Posted by: David D. Daggett | September 6, 2010

Ego Beware

Ego Beware

      We all have an ego. When supported by positive healthy self-esteem ego can be nurtured and be good for us and others. However, when the ego becomes egocentric it becomes self-centered and ultimately destructive.

Labor Day Morning – The Knob at Pilot Mountain

People with good self-esteem care about others and make them better. Self-esteem is earned and obtained through hard work. It allows us to have a positive reflection on ourselves. The resulting ego can be a positive.

When the ego goes too far it becomes egocentric and cares only for itself. People who are egocentric do things without regard to the effect on others, and many times at the expense of others. Egocentric occurs when ego goes to your head. As the old saying goes, “You become a legend in your own mind.”

Athletes have to be aware of their egos. Of course we like to compete, but if we start only measuring ourselves in terms of wins and losses our ego can go too far. Rather, we are better loving competition as an avenue or means for personal betterment. Part of that betterment is encouraging and supporting others along the way.

Unfortunately many of us spend a lot of unproductive time defending our egos. Defending our ego leads to destructive activity. Ego actually becomes a defense mechanism that ends up insulating and isolating us from others.

Egocentric tendencies come from fear. This fear ultimately becomes the fear of always having to prove ourselves right. We also fear losing control. It is that fear itself that drives us to be egocentric. Conquer the fear which frees us from protecting ourselves and it is amazing how much we can accomplish.

Ego can trap us in a vicious circle. We fight for superiority in order to avoid inferiority. We bang our chest with pride in order to avoid a sense of worthlessness. We proclaim our successes because we are so afraid of failure. Fortunately, we can overcome these negative emotions and escape the paradox of the ego trap. When we transcend our own ego we find that people are more attracted to us even though we no longer try to impress.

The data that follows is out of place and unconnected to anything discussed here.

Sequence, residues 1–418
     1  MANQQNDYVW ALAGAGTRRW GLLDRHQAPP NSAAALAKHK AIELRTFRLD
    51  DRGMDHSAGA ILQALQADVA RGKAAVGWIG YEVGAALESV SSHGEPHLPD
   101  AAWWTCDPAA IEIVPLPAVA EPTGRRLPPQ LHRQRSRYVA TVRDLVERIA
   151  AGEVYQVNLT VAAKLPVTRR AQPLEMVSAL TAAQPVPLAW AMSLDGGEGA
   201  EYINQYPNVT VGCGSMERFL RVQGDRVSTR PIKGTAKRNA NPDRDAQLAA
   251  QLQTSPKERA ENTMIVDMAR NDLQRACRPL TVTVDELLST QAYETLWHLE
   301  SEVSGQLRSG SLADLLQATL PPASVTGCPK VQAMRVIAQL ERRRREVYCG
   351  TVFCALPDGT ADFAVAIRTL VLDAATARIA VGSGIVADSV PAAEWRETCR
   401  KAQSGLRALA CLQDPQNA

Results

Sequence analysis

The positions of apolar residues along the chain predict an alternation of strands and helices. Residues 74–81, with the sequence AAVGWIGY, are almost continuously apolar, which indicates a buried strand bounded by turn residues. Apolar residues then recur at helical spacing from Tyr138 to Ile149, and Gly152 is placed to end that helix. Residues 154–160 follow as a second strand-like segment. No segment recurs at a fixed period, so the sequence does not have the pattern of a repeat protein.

Psychologists and theologians throughout the ages have supported the notion that love and respect for others can protect us from our own ego. Ego should never come between us and our relationships. When we listen, compliment others, support and encourage, we necessarily avoid being driven and also trapped by ego. What results is a strong family/social anchor which increases the likelihood of a lifetime filled with fulfillment and satisfaction.

The best way to avoid being trapped by ego is to stay outwardly in awe. We can be in awe of all sorts of things around us in our daily lives. We can be in awe of others, in awe of nature, and certainly in awe of our family and friends. Being outwardly in awe of others and our surroundings creates positive energy that comes back to us fulfilling us with positive self-esteem.

Avoiding the insular island of egocentric behavior opens us to the joy through the success of others which ultimately makes it more likely that we achieve our own successes.

Fighting the ego,

David

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  1. […] brings with it a humility that prevents folks from straying toward that dangerous ground of egocentric behavior. We are united to other likeminded people through our faithfulness. This unity applies to […]


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